“Yes, but of course nobody knows where it really is or how to get there. You mean it actually exists?”

“Far away,” Granchu responded, as if he had not heard her question, “in the centre of the Forest, stands the World Tree, whose branches reach the highest clouds. And high in those branches is the Station. We must get you to the Station. But I warn you that it won’t be easy.”

“Why?” asked Dee Dee. “What is this Station?”  

“It’s where you can take the airship to Nowhere Land,” Granchu said.

“Don’t eat that,” Granchu snapped.    

“Don’t eat what?” Dee Dee had reached out for another handful of the thick brownish mushrooms like those from the previous night, which grew at the base of one of the trees they were passing. “Why not? I’m hungry, and so is Badur.”

“They’re poison,” Granchu said tightly. “Strange things happen to those who eat them.”

“Strange things? Like what?” Guiltily, Dee Dee slipped the pieces of mushroom she had plucked into her pocket.

“Never you mind. It varies from person to person. I’ll find you food.” Granchu said nothing more, but Dee Dee had an odd idea. She had eaten the mushrooms the previous night, and she had been able to see Granchu, something he hadn’t expected. Badur, who hadn’t eaten them, was unable to see Granchu or sense him.  She patted the big dog, who whined a little from his hunger.

“Here,” said Granchu suddenly. They were passing a high mound of earth, and he stopped and pried with his spiked shaft at a flat stone set in it. With a strange sucking sound, the stone shifted, revealing a dark hole underneath. It was not a particularly deep hole, but deep enough for Granchu to have to jump down inside. He began handing out things to Dee Dee, little bags and packets, until there was a small heap on the ground beside her.

“Food,” he said at last, climbing out and levering the stone back. Badur had watched with interest and surprise the sight of the stone rolling away and back with no agency apparently helping it. He sniffed at the packets, unknowingly almost touching one of Granchu’s muscular blue legs with his nose.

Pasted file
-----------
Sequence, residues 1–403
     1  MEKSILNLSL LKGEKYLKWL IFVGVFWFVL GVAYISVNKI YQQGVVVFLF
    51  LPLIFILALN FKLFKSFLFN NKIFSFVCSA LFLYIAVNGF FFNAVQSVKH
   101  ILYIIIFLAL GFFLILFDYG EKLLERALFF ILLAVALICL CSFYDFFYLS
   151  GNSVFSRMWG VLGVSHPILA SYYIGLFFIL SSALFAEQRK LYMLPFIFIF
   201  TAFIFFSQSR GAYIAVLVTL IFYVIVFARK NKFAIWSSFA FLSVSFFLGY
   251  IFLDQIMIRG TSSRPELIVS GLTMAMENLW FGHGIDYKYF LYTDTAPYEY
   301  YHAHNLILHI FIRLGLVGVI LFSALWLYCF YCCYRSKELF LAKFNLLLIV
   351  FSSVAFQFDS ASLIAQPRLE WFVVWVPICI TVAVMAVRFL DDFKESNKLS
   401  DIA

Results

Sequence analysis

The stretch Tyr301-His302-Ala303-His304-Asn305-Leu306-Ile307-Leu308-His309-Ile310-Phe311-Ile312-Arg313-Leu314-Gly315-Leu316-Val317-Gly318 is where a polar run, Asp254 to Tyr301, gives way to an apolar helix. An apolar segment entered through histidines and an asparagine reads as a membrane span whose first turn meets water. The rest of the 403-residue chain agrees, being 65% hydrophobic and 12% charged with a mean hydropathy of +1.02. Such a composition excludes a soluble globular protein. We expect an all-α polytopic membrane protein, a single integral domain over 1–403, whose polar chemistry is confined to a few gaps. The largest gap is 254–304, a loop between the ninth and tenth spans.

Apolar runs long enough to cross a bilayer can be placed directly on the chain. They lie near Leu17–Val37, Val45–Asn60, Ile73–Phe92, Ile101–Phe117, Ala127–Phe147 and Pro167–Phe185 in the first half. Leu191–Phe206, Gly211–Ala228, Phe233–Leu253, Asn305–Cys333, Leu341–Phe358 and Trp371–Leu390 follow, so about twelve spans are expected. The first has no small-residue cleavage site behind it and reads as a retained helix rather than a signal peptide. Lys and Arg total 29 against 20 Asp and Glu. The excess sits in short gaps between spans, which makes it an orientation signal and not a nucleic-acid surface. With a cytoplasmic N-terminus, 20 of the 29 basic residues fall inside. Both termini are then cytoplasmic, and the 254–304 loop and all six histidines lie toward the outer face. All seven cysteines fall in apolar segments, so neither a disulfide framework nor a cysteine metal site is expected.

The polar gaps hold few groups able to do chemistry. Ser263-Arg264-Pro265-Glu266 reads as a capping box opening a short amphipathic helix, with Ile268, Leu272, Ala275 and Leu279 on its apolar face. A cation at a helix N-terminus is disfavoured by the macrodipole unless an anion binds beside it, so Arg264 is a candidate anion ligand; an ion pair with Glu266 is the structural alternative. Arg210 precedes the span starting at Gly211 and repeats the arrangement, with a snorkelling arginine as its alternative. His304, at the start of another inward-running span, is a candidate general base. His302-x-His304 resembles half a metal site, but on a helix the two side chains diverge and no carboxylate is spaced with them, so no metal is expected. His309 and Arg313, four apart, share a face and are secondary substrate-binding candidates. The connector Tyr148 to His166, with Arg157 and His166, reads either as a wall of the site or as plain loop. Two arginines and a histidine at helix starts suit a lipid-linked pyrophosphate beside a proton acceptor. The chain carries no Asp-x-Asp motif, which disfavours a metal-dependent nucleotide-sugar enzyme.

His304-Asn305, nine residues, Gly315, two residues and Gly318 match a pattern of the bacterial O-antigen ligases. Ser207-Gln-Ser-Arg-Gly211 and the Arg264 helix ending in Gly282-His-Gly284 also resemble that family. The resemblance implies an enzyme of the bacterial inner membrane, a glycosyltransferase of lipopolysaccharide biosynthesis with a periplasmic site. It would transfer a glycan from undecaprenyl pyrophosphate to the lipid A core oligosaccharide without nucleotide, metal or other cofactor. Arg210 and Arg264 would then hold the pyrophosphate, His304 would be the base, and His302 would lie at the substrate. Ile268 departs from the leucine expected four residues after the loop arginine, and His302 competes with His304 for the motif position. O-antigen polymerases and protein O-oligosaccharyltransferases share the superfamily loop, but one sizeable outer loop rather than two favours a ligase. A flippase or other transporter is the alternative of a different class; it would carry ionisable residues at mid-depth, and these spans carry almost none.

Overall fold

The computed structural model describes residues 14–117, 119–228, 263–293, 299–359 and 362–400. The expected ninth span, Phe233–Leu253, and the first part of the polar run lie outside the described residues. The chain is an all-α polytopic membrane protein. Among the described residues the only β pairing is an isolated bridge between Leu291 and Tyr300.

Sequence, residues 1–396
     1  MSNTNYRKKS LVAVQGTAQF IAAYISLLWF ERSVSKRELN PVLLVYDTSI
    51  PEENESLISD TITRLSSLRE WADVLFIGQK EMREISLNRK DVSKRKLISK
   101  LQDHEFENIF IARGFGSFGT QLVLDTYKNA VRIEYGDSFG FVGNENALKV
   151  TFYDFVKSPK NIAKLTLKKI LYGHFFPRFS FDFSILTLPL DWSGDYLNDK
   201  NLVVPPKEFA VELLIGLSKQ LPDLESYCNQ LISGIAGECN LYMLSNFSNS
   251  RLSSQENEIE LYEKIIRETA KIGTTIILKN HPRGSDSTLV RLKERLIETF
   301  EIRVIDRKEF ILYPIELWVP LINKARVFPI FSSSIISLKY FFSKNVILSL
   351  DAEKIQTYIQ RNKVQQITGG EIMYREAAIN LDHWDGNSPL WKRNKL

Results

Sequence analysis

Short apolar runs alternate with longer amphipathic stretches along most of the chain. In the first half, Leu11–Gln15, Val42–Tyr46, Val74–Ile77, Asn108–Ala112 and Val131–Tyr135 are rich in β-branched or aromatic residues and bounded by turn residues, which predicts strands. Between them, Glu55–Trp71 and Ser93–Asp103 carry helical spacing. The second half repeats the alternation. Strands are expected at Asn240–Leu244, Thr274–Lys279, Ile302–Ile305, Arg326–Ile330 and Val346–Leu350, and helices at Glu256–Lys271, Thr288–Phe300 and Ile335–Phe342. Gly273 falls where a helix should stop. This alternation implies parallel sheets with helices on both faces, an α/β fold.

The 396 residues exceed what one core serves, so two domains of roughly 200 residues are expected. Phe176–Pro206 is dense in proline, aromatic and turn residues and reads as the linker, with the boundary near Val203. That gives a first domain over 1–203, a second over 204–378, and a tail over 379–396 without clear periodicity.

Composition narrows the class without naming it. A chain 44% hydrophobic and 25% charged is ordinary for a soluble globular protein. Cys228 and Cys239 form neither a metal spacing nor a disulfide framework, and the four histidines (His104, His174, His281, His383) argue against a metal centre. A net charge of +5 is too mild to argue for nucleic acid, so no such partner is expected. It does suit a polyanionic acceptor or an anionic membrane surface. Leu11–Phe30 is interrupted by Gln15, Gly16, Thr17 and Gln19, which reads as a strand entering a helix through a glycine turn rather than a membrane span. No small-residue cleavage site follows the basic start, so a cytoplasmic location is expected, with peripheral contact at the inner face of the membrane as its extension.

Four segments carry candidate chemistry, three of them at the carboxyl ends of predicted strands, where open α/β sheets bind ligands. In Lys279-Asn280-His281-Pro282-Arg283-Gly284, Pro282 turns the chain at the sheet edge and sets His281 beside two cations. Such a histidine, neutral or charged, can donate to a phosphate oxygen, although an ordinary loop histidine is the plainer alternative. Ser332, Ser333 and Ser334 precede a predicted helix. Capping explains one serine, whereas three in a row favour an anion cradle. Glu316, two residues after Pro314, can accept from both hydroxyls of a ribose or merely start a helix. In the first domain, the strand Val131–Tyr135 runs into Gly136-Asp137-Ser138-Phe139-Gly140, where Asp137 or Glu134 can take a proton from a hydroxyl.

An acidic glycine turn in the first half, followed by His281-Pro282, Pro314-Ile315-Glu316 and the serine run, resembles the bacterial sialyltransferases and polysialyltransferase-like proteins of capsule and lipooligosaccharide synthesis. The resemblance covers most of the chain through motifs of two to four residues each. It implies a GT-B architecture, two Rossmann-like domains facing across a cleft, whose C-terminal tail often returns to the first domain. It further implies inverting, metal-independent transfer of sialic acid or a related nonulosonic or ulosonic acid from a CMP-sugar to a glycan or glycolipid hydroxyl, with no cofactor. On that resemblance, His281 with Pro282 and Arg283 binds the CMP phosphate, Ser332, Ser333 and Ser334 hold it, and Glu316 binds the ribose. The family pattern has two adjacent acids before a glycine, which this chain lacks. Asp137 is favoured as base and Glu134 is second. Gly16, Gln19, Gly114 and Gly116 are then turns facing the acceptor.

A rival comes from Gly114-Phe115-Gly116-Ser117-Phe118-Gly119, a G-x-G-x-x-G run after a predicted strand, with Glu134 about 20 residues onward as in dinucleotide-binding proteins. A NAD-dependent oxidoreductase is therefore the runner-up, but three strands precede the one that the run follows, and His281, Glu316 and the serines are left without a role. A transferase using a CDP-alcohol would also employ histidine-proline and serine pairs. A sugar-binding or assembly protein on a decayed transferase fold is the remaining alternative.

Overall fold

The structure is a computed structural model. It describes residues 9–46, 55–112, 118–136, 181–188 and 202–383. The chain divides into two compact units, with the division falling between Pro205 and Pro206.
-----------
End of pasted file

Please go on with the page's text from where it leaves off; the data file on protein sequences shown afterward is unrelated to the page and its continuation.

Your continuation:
“Go ahead,” Granchu said. “Eat.” He opened one of the little bags and handed it to Dee Dee. It lay on her palm, a handful of brownish powder, and when she touched it with the tip of her tongue she found it tasted nutty. She licked it away quickly. Badur had opened another packet for himself and gulped what it contained, something that looked like small reddish sticks. Granchu ate nothing. He just watched them eat until it was all gone.

“Are you full?” he said at last.

Dee Dee nodded. It wasn’t true. The food had been less than enough, much less, but at least it had taken the edge off her hunger. Badur had also stopped whining. “It’s enough,” she said.

“There will be more in the airship.” Granchu turned away without another word and walked on, following some invisible trail between the trees that twisted and turned unpredictably. At one point he led them on to a series of large moss-covered boulders.

“Why can’t we walk on the ground?” Dee Dee asked.

“Just get on them,” Granchu said. And when Dee Dee had led Badur on to the rocks, she had seen, lying where they would have otherwise walked, a great greyish translucent creature, shapeless except for a pair of yellowish eyes, which was coiled and piled on the ground and seemed to have oozed out of the folds and crevices of the soil. She felt she could barely breathe until they had left it far behind. Even when they were walking on level ground again, it was as if she could feel it at her feet and its dull yellow gaze upon her.

The shadows lay deep on the floor of the Forest, and it was only from the heat that Dee Dee understood that the sun was now high in the sky. They had been going on for so long that her legs were aching and Badur’s long pink tongue hung from his mouth, but Granchu showed no sign of tiring. For someone of his small size he was moving amazingly fast. “We have to go on,” he snapped over his shoulder. “Especially with what you can see, this place is not safe for you. You can’t spend another night here.”

Once only they stopped, at a small pool of water at which Badur lapped gratefully. Dee Dee, too, splashed the water over her face and arms, but resisted the temptation to drink it. She thought she could see things in the water, tiny and gelid and wriggling. It was almost certainly her imagination, she told herself, but for all that she could not force herself to drink the water.

By the time it had begun to get cool again, even Granchu had come to the conclusion that the girl and the dog would, after all, have to spend a second night in the Forest. He fed them again, this time from a hollowed out tree, and he ate, too, from a packet. The food this time was moist and sweetish, not very different in texture and taste from the mushrooms, but even Badur ate it without giving any trouble and there were no brilliant lights afterwards. Of course, everyone was very tired.